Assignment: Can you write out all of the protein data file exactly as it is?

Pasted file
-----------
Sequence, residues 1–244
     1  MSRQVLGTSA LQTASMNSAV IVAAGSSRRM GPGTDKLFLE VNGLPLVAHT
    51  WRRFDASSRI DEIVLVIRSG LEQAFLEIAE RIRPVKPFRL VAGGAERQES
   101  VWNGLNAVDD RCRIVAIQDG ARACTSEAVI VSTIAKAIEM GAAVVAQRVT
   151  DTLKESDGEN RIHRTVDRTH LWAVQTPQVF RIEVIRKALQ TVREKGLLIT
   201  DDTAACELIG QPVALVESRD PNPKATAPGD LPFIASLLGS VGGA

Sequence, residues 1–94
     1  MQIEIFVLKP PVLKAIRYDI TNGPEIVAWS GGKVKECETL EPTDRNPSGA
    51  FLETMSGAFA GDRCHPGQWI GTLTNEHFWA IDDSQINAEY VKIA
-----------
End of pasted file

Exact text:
Sequence, residues 1–244
     1  MSRQVLGTSA LQTASMNSAV IVAAGSSRRM GPGTDKLFLE VNGLPLVAHT
    51  WRRFDASSRI DEIVLVIRSG LEQAFLEIAE RIRPVKPFRL VAGGAERQES
   101  VWNGLNAVDD RCRIVAIQDG ARACTSEAVI VSTIAKAIEM GAAVVAQRVT
   151  DTLKESDGEN RIHRTVDRTH LWAVQTPQVF RIEVIRKALQ TVREKGLLIT
   201  DDTAACELIG QPVALVESRD PNPKATAPGD LPFIASLLGS VGGA

Sequence, residues 1–94
     1  MQIEIFVLKP PVLKAIRYDI TNGPEIVAWS GGKVKECETL EPTDRNPSGA
    51  FLETMSGAFA GDRCHPGQWI GTLTNEHFWA IDDSQINAEY VKIA